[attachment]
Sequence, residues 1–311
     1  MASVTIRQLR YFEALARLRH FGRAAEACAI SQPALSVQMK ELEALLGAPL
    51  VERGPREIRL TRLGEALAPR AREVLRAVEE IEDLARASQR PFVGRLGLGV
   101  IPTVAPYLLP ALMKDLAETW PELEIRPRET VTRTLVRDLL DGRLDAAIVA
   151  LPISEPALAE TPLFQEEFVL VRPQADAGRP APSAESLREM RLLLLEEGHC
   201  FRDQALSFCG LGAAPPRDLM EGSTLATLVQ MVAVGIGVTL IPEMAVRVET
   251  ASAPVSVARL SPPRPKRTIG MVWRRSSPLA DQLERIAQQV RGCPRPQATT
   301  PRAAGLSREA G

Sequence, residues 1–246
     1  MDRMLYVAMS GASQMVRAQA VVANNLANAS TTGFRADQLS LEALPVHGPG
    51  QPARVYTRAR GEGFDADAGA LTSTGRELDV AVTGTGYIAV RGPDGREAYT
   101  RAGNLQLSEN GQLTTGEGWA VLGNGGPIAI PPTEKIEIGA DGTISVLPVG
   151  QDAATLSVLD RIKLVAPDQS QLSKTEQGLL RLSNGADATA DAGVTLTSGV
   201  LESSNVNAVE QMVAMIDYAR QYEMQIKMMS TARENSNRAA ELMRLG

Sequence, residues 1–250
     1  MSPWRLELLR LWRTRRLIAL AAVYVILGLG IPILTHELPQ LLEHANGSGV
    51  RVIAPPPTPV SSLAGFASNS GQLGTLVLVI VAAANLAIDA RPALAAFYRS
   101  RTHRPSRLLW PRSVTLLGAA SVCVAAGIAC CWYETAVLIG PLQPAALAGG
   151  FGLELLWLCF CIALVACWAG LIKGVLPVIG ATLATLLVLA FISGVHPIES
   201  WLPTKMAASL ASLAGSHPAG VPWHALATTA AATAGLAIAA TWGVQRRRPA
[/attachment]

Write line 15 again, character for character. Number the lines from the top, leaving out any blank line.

Sequence, residues 1–250